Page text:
Home Estate Planning Alaska Airlines and Virgin battle royalties dispute at Court of Appeal

Alaska Airlines and Virgin battle royalties dispute at Court of Appeal

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Alaska Airlines has appealed a $160m court ruling over its decision to stop paying brand royalties to Virgin Airlines after it bought Virgin America.

Alaska Air Group acquired Virgin America in 2016 at a cost of approximately $4bn and by 2018, Virgin America was fully integrated into Alaska Airlines, with all Virgin branding replaced.

When Alaska Airlines re-branded, it ceased all use of the Virgin brand, and as a result, Alaska Air Group stopped paying royalties to Virgin Aviation.

As a result, Virgin Airline launched a claim to the English High Court. The court handed down a judgment last February, which saw the judge rule that the contract should be interpreted as requiring Alaska Airlines to continue to pay Virgin, whether or not it uses the Virgin brand.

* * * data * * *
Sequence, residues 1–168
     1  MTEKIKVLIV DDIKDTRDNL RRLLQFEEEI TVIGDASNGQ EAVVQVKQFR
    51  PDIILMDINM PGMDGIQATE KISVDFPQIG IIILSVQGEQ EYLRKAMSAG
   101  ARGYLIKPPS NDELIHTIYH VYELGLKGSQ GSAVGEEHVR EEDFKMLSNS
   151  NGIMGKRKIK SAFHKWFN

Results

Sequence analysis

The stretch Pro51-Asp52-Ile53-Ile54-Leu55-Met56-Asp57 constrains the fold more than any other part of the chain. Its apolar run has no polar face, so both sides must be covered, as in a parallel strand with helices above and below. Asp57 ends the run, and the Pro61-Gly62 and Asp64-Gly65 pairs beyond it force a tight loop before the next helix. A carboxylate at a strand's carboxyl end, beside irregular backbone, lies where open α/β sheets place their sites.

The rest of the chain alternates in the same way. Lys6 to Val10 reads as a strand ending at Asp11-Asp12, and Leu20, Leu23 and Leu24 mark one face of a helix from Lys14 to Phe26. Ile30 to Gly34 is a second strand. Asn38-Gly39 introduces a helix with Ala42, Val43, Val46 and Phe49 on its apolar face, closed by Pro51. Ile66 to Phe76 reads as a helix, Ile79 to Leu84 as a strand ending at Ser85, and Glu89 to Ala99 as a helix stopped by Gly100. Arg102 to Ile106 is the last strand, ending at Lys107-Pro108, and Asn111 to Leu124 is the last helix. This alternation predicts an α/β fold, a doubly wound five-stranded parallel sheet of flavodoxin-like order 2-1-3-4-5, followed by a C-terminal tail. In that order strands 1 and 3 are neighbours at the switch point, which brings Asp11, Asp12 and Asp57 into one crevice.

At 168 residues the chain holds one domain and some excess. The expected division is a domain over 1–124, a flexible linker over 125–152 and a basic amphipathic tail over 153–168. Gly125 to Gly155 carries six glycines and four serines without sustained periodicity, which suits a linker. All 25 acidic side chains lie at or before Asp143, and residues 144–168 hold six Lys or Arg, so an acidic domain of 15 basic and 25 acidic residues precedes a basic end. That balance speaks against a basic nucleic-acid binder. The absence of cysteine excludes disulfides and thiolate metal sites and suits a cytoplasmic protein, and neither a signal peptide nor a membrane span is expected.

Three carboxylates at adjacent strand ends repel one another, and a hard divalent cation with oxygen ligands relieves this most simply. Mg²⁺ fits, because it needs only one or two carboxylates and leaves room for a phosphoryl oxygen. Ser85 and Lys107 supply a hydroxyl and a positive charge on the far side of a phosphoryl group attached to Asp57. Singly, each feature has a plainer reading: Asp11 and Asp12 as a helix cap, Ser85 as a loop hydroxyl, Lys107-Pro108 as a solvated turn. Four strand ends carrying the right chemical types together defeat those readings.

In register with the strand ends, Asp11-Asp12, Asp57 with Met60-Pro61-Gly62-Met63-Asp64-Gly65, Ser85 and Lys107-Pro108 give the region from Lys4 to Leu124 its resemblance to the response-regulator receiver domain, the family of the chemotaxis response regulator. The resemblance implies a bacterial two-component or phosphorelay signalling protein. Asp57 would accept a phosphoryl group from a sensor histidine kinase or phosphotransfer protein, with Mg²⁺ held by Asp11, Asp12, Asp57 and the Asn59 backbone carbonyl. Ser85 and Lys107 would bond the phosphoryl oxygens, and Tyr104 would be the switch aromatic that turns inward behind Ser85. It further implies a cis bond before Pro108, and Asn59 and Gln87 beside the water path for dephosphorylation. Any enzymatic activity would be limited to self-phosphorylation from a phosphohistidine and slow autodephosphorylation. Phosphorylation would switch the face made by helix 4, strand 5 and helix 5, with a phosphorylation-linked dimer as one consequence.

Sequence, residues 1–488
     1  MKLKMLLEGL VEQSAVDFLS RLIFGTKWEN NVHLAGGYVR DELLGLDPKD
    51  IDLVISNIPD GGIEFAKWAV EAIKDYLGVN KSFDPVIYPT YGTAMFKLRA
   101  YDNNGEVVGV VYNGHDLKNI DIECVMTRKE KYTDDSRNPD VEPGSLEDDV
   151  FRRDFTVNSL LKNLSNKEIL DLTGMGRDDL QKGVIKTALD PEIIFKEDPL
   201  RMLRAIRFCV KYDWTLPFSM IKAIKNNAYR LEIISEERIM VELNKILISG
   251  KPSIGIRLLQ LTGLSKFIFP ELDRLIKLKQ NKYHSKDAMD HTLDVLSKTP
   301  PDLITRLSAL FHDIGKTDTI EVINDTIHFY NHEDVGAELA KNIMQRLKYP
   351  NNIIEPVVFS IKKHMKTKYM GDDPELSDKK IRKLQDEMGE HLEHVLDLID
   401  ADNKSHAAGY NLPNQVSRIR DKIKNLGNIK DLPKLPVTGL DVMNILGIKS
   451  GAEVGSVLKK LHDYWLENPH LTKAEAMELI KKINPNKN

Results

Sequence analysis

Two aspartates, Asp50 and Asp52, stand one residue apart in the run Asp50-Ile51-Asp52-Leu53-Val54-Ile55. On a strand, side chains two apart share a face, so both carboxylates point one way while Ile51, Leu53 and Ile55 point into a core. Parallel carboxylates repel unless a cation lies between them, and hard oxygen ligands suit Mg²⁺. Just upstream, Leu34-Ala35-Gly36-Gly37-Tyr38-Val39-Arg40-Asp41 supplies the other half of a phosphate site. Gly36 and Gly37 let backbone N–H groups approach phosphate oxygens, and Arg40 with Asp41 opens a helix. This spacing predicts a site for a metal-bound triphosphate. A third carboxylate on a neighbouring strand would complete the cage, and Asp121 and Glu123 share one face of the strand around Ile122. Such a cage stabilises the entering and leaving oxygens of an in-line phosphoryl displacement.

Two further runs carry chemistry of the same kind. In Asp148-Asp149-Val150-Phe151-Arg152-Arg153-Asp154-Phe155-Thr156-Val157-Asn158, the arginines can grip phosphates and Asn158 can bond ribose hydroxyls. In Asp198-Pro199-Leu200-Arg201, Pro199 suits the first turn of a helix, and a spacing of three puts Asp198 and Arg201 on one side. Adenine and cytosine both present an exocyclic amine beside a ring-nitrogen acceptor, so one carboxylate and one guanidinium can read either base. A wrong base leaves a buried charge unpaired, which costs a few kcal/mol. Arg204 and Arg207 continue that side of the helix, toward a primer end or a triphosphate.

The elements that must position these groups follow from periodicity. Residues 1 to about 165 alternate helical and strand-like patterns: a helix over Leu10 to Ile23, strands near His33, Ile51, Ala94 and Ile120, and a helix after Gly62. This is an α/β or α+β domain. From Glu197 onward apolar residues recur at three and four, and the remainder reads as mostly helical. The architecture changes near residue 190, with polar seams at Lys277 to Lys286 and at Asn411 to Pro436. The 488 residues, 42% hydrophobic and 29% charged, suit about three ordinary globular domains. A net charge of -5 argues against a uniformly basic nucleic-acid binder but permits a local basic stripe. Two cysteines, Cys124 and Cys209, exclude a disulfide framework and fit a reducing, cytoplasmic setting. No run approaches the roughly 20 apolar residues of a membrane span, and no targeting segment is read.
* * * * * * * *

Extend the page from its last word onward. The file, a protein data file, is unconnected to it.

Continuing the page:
The judge Mr Christopher Hancock KC, sitting in the Commercial Court, concluded that Alaska was obliged to use the Virgin Brand at least to some extent, and he stated that, in ceasing to do so, it had committed a breach of contract, and that the damages payable for this breach of contract was the amount of the minimum royalty.

He concluded that the wording of the agreement stated clearly that the parties agreed that Alaska should pay a continuing minimum fee, even if it stopped using the Virgin brand.

He noted that this is because the fee was a flat fee payable for Alaska’s right to use ‘Virgin’, whether or not that right was taken up or not.

Alaska Airlines appealed Mr Christopher Hancock KC’s decision to the Court of Appeal, both parties were at a hearing on Wednesday.

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